By Bodhi Goswami, PE, Project Engineer, Okamoto Structural Engineering
It is a well-known fact California witnesses frequent earthquakes leading to its stringent seismic design requirements for new and retrofit buildings. But is it equally well known that for smaller retail buildings and many residential buildings, wind load still governs the structural design? And such buildings can be constructed with much lesser cost thanks to the code cycle in effect since 2020. Per the new code ASCE 7-16, wind loads across most of western coastline have reduced significantly (up to 15%). Moreover, if you are planning to build your own small hill-top house and wake up to beautiful scenic beauties every morning, you are in luck. The new ASCE 7-16 code considers the reduction in air density at higher elevations leading to even lesser wind loads and more economic constructions. As an instance, a house in Big Bear will be subject to wind loads up to 20% less than a house in Irvine. There has never been a better time to build a tiny hill-top house! Check out our blog on the Tiny House Movement to know more about the new trend of tiny family homes in America.
The latest code cycle in effect since 2020 was based on completion of an updated study by more than a thousand weather recording stations across the country. The study included a detailed analysis of likelihood that a particular region would see a robust hurricane or thunderstorm in the near future. Though certain parts of the country were found to be more probable to see a hurricane resulting in increase in wind loads, fortunately the western coast proved to be subject to lesser winds per the hurricane model leading to this code change. This would cut the lateral forces on diaphragms and shear walls of many buildings across California leading to cost-reduction in construction.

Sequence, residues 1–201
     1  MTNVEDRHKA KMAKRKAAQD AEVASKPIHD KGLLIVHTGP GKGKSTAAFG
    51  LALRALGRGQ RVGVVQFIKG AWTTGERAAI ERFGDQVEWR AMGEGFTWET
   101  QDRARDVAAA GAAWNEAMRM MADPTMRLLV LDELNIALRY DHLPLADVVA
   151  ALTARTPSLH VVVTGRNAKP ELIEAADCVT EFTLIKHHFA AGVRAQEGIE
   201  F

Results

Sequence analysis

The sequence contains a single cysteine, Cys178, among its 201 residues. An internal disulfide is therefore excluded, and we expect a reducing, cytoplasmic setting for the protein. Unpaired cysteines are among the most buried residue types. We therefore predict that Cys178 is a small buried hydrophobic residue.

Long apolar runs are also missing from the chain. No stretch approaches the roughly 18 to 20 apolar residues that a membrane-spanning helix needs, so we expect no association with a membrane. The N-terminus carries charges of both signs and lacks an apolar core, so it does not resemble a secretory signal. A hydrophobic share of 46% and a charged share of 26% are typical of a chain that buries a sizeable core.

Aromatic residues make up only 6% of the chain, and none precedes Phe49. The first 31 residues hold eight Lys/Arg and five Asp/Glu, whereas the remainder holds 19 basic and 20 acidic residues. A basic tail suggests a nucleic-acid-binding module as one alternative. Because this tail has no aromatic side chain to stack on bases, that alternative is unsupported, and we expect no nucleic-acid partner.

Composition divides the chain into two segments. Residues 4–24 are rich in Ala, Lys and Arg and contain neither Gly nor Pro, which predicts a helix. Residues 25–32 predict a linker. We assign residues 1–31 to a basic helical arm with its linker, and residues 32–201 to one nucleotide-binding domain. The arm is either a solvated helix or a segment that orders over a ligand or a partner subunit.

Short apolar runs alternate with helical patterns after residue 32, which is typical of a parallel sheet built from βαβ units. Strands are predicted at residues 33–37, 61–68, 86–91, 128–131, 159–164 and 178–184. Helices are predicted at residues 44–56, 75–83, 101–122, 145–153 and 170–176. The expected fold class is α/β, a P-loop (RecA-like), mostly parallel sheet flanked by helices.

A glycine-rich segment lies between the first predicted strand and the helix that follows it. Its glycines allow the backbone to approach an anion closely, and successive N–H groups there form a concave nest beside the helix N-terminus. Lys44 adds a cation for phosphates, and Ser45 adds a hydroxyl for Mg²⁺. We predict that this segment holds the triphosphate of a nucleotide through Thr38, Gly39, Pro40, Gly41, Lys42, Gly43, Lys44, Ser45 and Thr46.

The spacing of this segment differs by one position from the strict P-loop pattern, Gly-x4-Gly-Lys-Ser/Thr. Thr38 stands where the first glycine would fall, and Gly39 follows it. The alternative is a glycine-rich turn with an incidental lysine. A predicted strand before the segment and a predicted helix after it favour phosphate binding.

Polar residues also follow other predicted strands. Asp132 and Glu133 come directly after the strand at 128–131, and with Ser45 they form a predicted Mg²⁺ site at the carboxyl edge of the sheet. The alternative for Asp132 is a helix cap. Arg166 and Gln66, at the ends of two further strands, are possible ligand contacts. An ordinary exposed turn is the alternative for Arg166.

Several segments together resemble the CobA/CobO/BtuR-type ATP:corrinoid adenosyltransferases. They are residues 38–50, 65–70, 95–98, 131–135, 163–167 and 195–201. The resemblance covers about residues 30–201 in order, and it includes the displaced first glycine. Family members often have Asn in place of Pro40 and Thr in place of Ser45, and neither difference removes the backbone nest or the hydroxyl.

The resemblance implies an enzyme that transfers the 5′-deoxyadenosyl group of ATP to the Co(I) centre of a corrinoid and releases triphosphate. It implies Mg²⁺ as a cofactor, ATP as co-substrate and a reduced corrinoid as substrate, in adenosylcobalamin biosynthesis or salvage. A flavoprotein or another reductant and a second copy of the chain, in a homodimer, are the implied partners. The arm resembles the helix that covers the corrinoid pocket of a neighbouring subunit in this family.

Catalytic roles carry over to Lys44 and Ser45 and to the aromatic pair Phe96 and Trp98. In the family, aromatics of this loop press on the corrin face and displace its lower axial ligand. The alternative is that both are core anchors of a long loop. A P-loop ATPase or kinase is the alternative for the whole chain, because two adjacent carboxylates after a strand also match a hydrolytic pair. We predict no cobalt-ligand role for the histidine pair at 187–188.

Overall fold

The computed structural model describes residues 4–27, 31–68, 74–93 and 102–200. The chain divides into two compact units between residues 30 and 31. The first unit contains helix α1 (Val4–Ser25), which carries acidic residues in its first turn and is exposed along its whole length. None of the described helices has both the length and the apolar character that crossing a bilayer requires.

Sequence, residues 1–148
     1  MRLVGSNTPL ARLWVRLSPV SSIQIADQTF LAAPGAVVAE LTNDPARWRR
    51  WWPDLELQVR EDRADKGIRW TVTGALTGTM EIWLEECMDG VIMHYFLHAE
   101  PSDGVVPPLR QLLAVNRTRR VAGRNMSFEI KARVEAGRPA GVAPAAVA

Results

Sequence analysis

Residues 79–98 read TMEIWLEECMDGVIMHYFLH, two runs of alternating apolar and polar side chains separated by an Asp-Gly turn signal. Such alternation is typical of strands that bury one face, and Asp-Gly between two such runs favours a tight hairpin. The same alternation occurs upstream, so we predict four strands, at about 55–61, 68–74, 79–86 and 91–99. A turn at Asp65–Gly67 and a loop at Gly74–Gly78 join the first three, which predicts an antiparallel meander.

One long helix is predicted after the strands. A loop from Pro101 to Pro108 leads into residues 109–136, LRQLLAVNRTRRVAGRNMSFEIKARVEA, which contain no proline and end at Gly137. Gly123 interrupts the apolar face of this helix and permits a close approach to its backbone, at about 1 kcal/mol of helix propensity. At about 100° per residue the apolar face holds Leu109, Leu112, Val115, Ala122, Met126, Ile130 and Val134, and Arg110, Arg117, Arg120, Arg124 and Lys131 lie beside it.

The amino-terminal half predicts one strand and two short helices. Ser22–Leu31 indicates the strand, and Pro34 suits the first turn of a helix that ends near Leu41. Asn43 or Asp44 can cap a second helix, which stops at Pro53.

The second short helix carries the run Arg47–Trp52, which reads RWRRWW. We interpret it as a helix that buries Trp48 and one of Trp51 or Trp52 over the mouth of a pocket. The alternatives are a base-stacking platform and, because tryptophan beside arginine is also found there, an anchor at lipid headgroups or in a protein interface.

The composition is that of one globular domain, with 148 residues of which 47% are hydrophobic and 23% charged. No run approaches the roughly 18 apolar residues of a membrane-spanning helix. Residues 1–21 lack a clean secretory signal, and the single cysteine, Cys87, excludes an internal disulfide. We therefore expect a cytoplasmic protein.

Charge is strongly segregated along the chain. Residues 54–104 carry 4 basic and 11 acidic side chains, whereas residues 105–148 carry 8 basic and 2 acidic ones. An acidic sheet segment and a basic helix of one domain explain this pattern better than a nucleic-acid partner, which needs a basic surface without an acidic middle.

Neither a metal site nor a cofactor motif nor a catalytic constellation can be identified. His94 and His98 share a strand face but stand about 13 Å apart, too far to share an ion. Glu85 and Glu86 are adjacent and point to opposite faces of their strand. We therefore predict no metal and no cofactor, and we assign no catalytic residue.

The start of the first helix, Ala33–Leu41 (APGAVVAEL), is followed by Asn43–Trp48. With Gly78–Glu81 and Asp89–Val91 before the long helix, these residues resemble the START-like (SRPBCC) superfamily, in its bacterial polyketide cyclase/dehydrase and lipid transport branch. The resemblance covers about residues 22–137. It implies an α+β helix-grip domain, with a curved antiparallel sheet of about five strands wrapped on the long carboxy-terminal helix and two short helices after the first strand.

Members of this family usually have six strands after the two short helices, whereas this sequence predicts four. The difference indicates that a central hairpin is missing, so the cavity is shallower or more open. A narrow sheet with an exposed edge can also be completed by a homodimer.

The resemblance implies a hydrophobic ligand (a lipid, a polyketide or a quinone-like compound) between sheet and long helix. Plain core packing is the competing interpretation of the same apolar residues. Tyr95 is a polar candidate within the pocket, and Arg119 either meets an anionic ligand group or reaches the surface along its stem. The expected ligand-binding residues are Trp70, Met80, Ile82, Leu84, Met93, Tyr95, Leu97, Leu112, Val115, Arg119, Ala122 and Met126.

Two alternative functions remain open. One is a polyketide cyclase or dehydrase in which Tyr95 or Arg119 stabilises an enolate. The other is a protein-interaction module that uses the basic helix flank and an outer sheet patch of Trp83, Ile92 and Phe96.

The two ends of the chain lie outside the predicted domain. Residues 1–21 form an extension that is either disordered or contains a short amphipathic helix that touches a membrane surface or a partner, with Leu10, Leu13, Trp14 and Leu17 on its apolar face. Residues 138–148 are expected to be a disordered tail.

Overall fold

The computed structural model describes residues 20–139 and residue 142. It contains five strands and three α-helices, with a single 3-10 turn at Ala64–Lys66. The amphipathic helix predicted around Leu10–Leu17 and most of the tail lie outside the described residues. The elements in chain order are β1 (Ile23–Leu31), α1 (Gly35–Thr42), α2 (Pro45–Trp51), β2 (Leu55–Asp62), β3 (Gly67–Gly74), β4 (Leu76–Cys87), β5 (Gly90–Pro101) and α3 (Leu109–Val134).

Not only smaller buildings, but even large retail buildings can also benefit from this update in 2018 IBC. Installation of roof screens and upper-level storefront systems are very common tenant improvements that require structural supports and justifications. The higher the elevation of these elements, the more the wind load to be applied per code requirements. These elements will also need to be designed for much lesser loads as compared to the previous code cycle. This makes tenant improvements an economic solution as well.
It is no surprise that a preliminary design of a multistory residential building or a tenant improvement requiring a new storefront completed prior to 2020 can now be constructed much more economically. Though California witnesses the occasional windy days, especially at the coast, we are geographically located such that it does not favor many hurricanes and thunderstorms as compared to other parts of the country. As structural engineers who thrive to provide economic solutions to our clients, we appreciate the efforts of the team involved to bring forward a more accurate hurricane model separating parts of the country who are not expected to see a hurricane/thunderstorm in near future.
If you have any comments or questions on engineering for your Tiny House, then please contact John M. Cruikshank, PE, President & CEO of OKAMOTO Structural Engineering at firstname.lastname@example.org, (714) 444-2422 x101, www.okamoto-se.com.